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Company margins exceed pre-pandemic levels as revenues rebound faster than costs

U.S. companies are learning to do more with less.

After slashing expenses in the first two quarters of 2020 in an attempt to mitigate slumping revenue, S&P 500 companies began hiring again as they reopened premises in the third quarter. However, costs rose more slowly than revenue in the third quarter, helping push margins for investment-grade-rated companies to their widest since the third quarter of 2018.

The median operating expenses-to-total revenue ratio for investment-grade companies in the S&P 500 excluding financials fell from 84.7% in the second quarter to 83.0% in the third quarter. The ratio was 0.9 percentage point lower than it was before the pandemic made itself felt in U.S. balance sheets.

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Non-investment-grade companies improved their operating margins in the third quarter by even more than their investment-grade peers. Their median operating expenses-to-total revenue ratio fell to 91.8% in the third quarter from 95.0% in the second quarter, still slightly above the third quarter of 2019's 90.9%.

The question for many investors is whether this represents a permanent shift to leaner operations or whether spending will eventually catch up with earnings as the recovery accelerates.

"Margins look poised to be fairly strong in 2021 for the average company. In fact, in the third quarter, the net profit margin for the median company in the S&P 500 was slightly higher than the level in third quarter of 2019," David Lefkowitz, head of Americas equities at UBS, wrote in an email.

"While these trends are encouraging, it may be a bit too early to know for sure if some of the cost reductions are sustainable."

Cost cutting has been the main driver of the improved margins for investment-grade companies, which slashed operating expenses by 9.1% in the first quarter and a further 8.2% in the second quarter, to $1.94 trillion.

Even after they increased in the third quarter, by 9.8% to $2.13 trillion, they were still 1.2% lower than a year earlier. Non-investment-grade companies relied more on increased revenues to balance a 6.7% year-over-year increase in operating expenses in the third quarter to $590.17 billion.

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Business travel savings

"Cutbacks in business travel are clearly supporting margins right now but some of these costs will likely come back as the economy normalizes," said Lefkowitz.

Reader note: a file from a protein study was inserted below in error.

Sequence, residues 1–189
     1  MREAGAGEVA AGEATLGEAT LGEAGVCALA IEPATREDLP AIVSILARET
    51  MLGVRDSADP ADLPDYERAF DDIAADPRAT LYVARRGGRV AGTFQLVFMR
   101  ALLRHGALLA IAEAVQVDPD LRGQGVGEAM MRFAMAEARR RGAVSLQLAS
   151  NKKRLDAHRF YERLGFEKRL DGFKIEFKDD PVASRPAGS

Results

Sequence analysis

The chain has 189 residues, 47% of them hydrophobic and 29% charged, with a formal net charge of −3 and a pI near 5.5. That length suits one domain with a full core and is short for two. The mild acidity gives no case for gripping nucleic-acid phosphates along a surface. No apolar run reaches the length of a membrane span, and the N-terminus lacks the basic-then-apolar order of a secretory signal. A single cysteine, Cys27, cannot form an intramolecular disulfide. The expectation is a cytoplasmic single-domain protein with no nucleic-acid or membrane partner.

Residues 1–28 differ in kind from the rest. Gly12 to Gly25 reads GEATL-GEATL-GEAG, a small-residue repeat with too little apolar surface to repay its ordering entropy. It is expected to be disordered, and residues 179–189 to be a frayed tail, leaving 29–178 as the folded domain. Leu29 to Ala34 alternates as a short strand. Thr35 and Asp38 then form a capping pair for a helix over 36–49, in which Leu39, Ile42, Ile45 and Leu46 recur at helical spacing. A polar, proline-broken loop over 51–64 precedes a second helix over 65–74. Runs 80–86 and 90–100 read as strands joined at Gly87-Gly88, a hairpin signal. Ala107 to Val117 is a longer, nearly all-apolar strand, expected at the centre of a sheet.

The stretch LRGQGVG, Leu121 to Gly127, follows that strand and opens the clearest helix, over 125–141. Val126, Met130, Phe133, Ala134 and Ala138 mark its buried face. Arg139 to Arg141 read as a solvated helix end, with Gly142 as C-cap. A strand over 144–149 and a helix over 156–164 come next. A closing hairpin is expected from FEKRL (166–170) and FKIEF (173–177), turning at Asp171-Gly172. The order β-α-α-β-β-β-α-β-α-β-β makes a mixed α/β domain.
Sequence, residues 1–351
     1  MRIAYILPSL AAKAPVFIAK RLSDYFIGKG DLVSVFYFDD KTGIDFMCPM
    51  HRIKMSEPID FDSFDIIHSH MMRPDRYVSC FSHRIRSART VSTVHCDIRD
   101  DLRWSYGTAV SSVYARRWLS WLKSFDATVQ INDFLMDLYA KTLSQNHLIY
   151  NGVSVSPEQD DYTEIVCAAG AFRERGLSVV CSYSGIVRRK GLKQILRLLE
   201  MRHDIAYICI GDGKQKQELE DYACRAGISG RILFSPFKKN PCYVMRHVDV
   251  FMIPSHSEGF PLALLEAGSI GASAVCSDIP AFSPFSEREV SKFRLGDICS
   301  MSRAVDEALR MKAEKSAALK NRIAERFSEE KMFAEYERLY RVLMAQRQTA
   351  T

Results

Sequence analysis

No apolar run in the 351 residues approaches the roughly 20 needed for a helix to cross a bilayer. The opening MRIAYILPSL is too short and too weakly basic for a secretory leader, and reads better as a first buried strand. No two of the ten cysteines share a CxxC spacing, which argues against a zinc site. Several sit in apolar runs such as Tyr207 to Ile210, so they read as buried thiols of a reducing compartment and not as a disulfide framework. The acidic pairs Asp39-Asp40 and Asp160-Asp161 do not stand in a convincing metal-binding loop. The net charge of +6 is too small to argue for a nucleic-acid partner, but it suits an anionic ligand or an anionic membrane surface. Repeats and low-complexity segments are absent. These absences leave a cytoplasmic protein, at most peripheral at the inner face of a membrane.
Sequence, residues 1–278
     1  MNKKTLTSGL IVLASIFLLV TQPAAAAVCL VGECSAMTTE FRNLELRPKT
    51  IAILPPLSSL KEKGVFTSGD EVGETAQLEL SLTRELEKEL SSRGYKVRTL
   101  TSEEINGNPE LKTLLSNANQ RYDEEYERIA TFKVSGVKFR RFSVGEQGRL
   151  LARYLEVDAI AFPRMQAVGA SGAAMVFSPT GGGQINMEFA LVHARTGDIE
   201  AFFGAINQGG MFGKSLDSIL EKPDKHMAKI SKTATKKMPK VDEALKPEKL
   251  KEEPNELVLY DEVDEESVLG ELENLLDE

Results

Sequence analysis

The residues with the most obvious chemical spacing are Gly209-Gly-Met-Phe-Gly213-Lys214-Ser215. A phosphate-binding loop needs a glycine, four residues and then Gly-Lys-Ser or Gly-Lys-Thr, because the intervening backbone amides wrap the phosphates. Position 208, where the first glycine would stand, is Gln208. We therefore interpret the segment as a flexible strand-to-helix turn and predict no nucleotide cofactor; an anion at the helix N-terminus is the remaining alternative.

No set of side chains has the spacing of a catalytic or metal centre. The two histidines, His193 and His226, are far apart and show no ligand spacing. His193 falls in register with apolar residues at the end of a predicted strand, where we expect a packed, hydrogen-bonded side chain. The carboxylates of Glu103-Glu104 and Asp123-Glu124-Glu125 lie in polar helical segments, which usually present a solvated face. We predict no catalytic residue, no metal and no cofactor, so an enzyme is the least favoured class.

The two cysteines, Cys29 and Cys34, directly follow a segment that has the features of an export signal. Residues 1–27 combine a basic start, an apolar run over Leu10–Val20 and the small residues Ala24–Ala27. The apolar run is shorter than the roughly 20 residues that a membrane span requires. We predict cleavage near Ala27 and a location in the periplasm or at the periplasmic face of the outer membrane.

"But also bear in mind that many consumer-facing businesses such as retail and restaurants have incurred higher expenses during the pandemic in order to operate more safely. Many of these costs will fall off this year."

There may be more cost reductions in the pipeline too, according to Michael Kelly, global head of multi assets at PineBridge.

"During this period most companies had taken a pledge not to really reduce staff and I think that pledge more or less runs out at year-end. I wouldn't be surprised to see some moderate trimming of staff," Kelly said in an interview, noting that companies in certain sectors will also seek to reduce their office space.

Energy revenue lags

Non-investment-grade utilities have done best at improving their margins, cutting the expenses ratio by 4.8 percentage points in a year to 76.9%. Investment-grade healthcare companies were the next best, cutting 4.7 percentage points to 78.4%, while the average ratio for non-investment-grade-rated consumer staples companies dropped 2.6 ppts to 89.5%.

There were also significant declines in the ratio for the consumer discretionary, investment-grade materials, non-investment-grade IT and investment-grade industrial sectors.

Energy stands out as the sector that has found it hardest to balance the books.

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Oil was among the first asset classes to take a major hit to prices as the virus emerged in China, with shutdowns reducing demand from the world's largest importer of oil heaping misery onto a sector already struggling with oversupply.

In the face of collapsing revenues, U.S. investment-grade-rated energy companies cut hard, shutting down operations and laying off employees. Operating expenses fell from $266.31 billion at the end of the fourth quarter to $233.28 billion by the end of the first quarter, and were slashed further to $128.4 billion in the second quarter as the pandemic hammered economies across the world. Further cuts were made in capital investment, which is accounted for separately from the day-to-day running costs.

As the economic recovery took hold in the third quarter and demand for oil increased, operating expenses rebounded to $179.04 billion, still 29.2% lower than they had been a year earlier, while the ratio of costs-to-revenues fell from 105.2% in the second quarter to 95.6% but remained 9.5 percentage points higher than a year earlier.

The situation was worse in the non-investment grade-rated energy sector where companies were unable to cut costs in fact they rose 2.9% in the 12 months to the third quarter of 2020, contributing to an 11-percentage-point increase in the ratio to 100.7%, the highest of any sector at the end of the third quarter.

But with oil prices on the rise as the economy recovers that ratio is likely to fall, while longer term Kelly expects companies will be able to continue squeezing costs.

He said: "We've been looking for a peak of margins and profitability for about 30 years now and it just never happens. There's a long graveyard of people predicting a peak."